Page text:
GUIDE: Successful vegetable gardening involves far more than just popping a few seeds into the ground and waiting for a tomato to appear. Now I’d like to give you some gardeners’ tips for a successful natural vegetable garden with three steps as Planning your garden, Preparing the soil, and then... Planting your vegetables!
Step I: Planning Your Vegetable Garden
Step II: Preparing the Soil
Step III & IV: Planting Vegetables & Sowing Vegetable Seeds
Step V: Setting in Vegetable Starts
If you purchased bedding plants, or started your seeds indoors in pots dig a small hole which is slightly wider and deeper than the root ball of the new plant. Water the plant thoroughly prior to planting it out in the garden to lessen the shock of transplant. Gently tap the pot to loosen the roots and remove the new plant. If the root ball is tangled and compacted, use your finger tips to gently loosen the outer roots.Set the plant into the hole sightly deeper than it was growing in the pot, and firm the soil in around it, making certain that there is good soil/root contact.
Water in well.....
Maintain as your garden grows...
During dry periods, vegetable gardens need extra watering. Most vegetables benefit from an inch or more water each week, especially when they are fruiting.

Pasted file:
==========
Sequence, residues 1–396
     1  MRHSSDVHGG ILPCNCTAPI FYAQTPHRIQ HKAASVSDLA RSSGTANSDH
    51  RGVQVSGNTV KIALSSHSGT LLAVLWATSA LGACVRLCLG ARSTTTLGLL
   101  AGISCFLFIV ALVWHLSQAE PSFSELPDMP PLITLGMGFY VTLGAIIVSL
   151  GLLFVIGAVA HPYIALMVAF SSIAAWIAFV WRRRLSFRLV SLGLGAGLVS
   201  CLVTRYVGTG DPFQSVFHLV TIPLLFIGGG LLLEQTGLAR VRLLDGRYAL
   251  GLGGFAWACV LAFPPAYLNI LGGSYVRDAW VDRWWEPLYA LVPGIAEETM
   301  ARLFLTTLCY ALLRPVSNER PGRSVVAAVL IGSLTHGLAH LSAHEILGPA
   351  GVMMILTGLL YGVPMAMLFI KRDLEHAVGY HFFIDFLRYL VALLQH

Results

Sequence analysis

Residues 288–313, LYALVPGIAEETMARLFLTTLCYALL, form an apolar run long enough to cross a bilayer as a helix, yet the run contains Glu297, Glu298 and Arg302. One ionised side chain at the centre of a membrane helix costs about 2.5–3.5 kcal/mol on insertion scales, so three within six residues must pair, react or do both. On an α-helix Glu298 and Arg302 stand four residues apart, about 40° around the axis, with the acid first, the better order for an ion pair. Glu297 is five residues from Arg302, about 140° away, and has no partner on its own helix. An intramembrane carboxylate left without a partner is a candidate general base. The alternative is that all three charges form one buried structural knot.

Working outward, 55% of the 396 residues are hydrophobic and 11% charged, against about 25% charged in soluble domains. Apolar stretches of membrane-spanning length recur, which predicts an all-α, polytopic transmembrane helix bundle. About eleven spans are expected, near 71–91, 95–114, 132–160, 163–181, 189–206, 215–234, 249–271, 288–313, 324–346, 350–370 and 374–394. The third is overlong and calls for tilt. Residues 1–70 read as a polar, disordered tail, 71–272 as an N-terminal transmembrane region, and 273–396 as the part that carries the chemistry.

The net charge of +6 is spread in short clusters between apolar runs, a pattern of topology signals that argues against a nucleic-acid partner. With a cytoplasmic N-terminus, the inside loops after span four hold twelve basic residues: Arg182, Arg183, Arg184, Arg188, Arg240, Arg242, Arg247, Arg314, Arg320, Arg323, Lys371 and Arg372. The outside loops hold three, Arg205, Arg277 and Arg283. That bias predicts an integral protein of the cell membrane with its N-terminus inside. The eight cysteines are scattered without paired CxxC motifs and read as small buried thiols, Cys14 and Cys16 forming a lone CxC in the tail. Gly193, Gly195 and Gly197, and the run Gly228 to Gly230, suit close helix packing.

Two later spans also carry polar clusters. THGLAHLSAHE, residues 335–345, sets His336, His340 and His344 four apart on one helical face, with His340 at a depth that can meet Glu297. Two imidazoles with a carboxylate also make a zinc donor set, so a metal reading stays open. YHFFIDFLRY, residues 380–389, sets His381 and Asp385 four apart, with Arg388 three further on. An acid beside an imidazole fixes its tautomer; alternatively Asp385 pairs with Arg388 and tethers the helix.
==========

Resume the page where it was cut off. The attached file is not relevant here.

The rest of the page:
Mulching between the rows will help to control weeds, conserve moisture in the soil, and provide you with pathways to access your plants. Black plastic may be used, or you can utilize grass clippings, straw, wood chips, or garden debris.
Throughout the growing season be vigilante against insect pests. Discovering a bug problem early will make it much easier to take appropriate action and eliminate the pests. Do not use pesticides once the plants have fruited unless it becomes an absolute necessity, and be sure to follow the manufacturers recommendations.
Weeds rob your vegetables of water, light and root space. Keep them pulled out regularly (try to get the entire root) and the job isn't too bad. If they are allowed to go to seed, you may be dealing with thousands of weeds instead of a few.
Once you have harvested your crop, put the spent plant and other vegetable matter into your compost pile so that it can be recycled into your garden again, next spring.
* Original post: The Garden of Eden for Gardeners